TTC STATEMENT TO CUSTOMERS
The following TTC statement was issued to customers today (Nov. 5, 2014) through the TTC website in response to major subway delays during this morning’s peak period, which affected both Line 1 and 2:
Dear TTC Customers,
This morning saw two major system failures on the subway. Here’s what happened and here’s what the TTC is doing about it.
At 6 a.m. this morning, the signals at St George Station failed – the cause is still under investigation. We are limited to where we can reverse trains up or down the line when there is a problem. St George Station is one of those stations with cross-over track that allow us to reverse trains. But because the problem this morning was near St George Station itself, the next northern point with cross-over tracks is St Clair West Station; to the south, it’s Union Station.
We implemented a shuttle bus service while crews worked to make necessary repairs. Service was restored on Line 1 about 90 minutes later.
Around 7 a.m., the system that detects a train’s presence on the tracks failed near Broadview Station. The system actually detected a train’s presence when there wasn’t one there. As a result, the signal fails-safe to red, preventing any train from passing through the area.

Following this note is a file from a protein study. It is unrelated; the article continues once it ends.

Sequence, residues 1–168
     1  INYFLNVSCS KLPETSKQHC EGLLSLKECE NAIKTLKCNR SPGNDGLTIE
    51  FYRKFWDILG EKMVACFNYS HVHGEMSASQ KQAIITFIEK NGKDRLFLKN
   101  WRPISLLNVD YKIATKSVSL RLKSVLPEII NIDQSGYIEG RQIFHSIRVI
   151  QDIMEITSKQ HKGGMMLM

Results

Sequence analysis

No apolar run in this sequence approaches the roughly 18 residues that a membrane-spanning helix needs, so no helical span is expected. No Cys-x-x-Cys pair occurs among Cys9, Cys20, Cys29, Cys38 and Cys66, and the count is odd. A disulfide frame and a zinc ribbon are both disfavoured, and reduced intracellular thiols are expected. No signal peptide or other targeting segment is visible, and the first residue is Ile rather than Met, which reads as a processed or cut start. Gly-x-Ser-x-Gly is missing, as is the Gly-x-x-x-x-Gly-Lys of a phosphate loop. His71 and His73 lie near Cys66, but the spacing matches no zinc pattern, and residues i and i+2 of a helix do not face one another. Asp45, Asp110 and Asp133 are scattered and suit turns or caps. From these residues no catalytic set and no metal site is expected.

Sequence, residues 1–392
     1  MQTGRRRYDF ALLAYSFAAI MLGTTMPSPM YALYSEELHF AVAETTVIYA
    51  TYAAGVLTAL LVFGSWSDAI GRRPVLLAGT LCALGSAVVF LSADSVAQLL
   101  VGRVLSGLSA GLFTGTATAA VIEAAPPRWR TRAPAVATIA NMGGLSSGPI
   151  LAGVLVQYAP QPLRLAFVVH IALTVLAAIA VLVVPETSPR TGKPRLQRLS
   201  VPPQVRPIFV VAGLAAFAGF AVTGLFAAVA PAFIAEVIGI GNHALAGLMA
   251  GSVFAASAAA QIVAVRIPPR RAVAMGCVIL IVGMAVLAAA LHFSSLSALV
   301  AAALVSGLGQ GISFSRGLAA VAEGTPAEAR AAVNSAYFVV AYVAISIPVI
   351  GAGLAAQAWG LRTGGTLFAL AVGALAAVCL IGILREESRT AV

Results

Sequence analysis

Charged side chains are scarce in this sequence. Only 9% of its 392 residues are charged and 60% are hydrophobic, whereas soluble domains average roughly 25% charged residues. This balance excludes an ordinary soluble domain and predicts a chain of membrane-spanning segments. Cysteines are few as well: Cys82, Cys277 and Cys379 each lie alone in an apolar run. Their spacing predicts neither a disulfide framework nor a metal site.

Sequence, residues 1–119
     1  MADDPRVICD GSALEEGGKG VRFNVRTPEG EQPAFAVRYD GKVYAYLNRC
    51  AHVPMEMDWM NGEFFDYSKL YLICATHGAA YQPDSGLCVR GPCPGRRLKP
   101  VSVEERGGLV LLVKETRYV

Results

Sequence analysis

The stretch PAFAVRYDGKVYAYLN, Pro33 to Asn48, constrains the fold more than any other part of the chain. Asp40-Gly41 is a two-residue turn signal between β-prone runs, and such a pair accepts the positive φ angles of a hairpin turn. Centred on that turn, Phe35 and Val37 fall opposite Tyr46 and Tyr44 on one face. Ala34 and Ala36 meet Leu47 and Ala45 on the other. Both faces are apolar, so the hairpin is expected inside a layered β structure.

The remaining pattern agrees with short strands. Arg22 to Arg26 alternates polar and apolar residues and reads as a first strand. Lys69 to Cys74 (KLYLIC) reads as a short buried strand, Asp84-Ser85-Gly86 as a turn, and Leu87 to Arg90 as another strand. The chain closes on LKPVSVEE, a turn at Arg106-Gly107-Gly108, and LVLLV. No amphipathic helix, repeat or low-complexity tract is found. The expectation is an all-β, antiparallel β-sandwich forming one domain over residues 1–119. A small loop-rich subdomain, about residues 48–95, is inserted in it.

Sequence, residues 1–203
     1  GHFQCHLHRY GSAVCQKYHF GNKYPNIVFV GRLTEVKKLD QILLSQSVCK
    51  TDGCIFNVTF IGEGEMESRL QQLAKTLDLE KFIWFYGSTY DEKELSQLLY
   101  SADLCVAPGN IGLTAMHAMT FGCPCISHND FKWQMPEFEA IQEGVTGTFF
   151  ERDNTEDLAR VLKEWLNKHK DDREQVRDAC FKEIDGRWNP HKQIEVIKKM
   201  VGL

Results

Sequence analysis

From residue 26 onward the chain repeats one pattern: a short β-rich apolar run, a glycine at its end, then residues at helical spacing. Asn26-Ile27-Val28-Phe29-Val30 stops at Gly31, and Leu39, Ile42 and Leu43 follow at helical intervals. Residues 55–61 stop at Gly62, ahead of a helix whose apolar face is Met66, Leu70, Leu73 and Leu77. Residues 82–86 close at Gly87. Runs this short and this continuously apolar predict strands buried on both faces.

To overcome this until the problem is fixed, Operators “key-by” – a process where the Operator approaches the signal at 3-5 kph and observes the train stop on the track go down. If we don’t do this, the train is thrown into emergency stop, compounding the delay. TTC procedure dictates that the train must then operate at less than 15 kph to the next signal to ensure safety. The problem we had this morning resulted in us having to do this procedure on three consecutive signals (two entering Broadview Station and one leaving) making it incredibly slow across the entire line.
The knock-on effect of such a delay, however, is the activation, then, of emergency alarms due to overheating and crowding on trains, as the entire line is affected by trains needing to move slowly through just one area. An emergency alarm can take anywhere from two to 20 minutes to clear, depending on the nature of the emergency.
Here’s what we’re doing
For two years now, the TTC has been closing portions of Line 1 for “signal upgrade” work. The existing signal system is 60-years-old in many places and should have been replaced 20 years ago. This work, though, takes time, but to replace the entire signal system with a modern, reliable system that is computer-based, and does not rely on fuses and relay switches, is about five years away from completion.
Signal replacement for Line 2 is something we must also do and is part of the TTC’s 10-Year Capital Budget Program. Renewal of transit infrastructure is critical to keeping the system operating safely and effectively.
We thank you for your patience as we continue to make upgrading the system a priority – and to continually improve all aspects of your transit system.